For example, the company is reusing various solutions used in production processes or applying them as flocculants or neutralizing agents, and thus encouraging internal reuse of materials to reduce waste generation. The materials that the company cannot recycle in-house are recycled by other companies, and it purchases recycled products as much as possible.

Materials sent out to these vendors are included in the company's total waste generation. However, Seiko Epson views the purchasing of recycled products made from the company's waste as part of its waste reduction efforts. In fiscal 2002, the company sent approximately 650 tons of solvents to recycling companies and purchased back and used 90 tons of recycled products.

To meet the company's goal of reducing the combined total of waste generation and recycled materials in Japan to the fiscal 1997 level, or 14,000 tons, it will continue improving Level 1 activities and promoting Level 2 activities, as well as establishing technology to minimize the generation of waste.

Another innovative case of the zero emissions initiative is seen at the Kokubo industrial complex (24 companies) in Yamanashi Prefecture. Without its own disposal site, Yamanashi had long depended on other prefectures for disposing industrial waste. Sharing the same sense of crisis that such a situation may hurt future manufacturing activities, private businesses in the complex established in 1992 an industrial waste research group that serves as a main body promoting zero emission activities.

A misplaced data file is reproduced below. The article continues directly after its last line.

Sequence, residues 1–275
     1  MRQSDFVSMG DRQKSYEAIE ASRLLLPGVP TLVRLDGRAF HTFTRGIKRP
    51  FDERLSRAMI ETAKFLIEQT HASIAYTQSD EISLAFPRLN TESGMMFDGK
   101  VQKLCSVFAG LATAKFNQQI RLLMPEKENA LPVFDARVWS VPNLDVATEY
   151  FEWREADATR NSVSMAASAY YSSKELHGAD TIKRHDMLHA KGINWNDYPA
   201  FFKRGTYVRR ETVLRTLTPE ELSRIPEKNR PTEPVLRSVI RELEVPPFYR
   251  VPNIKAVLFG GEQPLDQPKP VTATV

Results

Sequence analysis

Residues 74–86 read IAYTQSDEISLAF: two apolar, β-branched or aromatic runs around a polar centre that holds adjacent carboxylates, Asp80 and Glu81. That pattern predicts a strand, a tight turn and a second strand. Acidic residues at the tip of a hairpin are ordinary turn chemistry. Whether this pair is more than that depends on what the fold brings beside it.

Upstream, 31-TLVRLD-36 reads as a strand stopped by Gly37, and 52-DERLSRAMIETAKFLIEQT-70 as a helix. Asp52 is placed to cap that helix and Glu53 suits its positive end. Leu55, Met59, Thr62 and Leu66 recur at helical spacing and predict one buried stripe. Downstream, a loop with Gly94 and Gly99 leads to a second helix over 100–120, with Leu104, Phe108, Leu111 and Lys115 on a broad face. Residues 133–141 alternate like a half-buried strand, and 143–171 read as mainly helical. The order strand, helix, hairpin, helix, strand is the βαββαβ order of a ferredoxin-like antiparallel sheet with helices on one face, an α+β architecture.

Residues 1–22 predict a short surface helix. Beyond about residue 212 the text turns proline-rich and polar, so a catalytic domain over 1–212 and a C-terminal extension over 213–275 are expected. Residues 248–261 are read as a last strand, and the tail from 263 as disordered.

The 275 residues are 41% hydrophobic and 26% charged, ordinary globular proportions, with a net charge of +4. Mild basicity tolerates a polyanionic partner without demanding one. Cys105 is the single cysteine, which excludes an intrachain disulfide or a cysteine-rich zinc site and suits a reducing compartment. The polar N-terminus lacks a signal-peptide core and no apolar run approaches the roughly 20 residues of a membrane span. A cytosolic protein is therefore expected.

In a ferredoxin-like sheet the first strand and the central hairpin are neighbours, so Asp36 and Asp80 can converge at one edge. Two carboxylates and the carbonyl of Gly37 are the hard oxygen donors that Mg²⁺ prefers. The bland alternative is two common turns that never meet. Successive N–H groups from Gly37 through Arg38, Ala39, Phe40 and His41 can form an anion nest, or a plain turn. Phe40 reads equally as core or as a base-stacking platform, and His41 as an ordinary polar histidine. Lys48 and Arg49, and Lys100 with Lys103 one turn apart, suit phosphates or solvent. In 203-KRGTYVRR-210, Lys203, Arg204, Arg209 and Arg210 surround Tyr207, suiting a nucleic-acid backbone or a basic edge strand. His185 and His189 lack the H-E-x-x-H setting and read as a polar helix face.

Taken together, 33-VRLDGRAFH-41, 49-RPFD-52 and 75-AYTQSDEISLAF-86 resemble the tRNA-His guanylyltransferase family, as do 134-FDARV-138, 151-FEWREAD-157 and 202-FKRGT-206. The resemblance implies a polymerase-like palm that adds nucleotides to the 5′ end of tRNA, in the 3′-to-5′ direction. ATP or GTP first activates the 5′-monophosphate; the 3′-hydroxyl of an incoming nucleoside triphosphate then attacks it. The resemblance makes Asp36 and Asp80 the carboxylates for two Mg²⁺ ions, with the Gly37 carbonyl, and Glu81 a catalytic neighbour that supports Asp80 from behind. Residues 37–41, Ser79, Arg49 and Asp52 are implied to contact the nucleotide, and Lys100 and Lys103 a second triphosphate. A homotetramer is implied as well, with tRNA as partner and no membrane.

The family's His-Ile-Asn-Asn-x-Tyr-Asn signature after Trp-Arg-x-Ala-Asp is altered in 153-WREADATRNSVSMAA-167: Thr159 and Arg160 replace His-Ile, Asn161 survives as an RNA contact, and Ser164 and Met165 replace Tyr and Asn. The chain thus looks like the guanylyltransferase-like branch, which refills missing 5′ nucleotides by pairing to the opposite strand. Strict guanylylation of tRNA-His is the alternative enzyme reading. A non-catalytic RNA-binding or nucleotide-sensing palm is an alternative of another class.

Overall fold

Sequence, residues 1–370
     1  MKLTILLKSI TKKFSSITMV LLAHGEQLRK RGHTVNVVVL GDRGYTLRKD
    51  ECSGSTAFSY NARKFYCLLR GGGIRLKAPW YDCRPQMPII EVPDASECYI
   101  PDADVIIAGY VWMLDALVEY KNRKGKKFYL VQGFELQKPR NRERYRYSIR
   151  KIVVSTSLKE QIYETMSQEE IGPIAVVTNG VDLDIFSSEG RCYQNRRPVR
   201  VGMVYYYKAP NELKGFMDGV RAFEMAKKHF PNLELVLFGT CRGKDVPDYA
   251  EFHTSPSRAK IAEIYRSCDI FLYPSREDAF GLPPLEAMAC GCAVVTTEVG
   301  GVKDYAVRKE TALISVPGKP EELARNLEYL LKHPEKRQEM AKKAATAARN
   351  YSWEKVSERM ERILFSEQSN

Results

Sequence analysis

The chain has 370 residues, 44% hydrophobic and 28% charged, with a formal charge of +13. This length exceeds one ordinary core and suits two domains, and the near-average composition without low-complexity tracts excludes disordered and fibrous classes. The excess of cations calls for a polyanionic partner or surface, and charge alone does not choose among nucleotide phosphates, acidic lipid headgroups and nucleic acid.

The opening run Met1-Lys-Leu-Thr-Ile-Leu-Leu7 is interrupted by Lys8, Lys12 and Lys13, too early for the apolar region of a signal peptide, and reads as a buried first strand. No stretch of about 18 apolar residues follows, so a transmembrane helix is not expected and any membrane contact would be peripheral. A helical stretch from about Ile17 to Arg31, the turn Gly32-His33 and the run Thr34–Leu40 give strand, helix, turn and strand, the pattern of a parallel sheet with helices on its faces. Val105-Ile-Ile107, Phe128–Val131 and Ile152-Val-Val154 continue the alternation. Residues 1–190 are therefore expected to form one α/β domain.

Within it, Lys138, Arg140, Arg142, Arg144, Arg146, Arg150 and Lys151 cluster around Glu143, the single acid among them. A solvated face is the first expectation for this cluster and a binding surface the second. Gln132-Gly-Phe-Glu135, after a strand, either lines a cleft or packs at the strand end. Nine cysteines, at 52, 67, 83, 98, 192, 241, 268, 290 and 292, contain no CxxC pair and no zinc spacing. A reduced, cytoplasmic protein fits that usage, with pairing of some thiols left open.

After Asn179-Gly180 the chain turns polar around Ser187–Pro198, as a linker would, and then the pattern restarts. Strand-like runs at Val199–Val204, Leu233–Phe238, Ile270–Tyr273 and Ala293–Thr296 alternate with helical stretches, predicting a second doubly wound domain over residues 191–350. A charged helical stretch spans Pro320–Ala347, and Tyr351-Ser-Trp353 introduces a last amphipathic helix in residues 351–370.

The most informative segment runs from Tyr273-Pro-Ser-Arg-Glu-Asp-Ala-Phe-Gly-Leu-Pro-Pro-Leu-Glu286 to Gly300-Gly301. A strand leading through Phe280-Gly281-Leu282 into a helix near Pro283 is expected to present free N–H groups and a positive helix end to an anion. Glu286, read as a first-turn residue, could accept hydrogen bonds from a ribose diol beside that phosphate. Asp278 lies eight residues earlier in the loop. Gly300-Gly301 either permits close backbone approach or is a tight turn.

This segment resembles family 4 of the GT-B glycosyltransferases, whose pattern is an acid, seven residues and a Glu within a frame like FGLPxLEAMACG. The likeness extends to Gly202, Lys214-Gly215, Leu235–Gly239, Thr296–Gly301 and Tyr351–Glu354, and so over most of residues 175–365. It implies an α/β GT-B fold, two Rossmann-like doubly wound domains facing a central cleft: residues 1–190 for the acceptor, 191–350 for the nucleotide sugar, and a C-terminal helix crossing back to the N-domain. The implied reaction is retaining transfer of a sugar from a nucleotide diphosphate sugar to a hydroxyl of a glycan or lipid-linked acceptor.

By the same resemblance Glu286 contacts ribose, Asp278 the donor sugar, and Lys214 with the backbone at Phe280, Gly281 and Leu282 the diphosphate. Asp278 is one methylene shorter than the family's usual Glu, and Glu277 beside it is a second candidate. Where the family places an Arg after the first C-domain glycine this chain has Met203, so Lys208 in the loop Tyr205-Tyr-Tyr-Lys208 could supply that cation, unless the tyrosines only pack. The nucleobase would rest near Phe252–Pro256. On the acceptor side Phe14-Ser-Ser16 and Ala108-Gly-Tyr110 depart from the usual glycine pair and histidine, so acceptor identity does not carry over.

The group keeps track of each company's annual data on the quantity and cost of industrial waste disposal, and has been making efforts based on the following four basic principles.
1) Each company voluntarily reduces its industrial waste (in conjunction with efforts to acquire and maintain ISO 14001 certification).
2) Reuse or recycle industrial waste that cannot be eliminated.
3) Reduce non-reusable or non-recyclable industrial waste by intermediate treatment such as neutralizing, etc.
4) Create a recycling system, recognizing the need to reuse and recycle industrial waste within the industrial complex.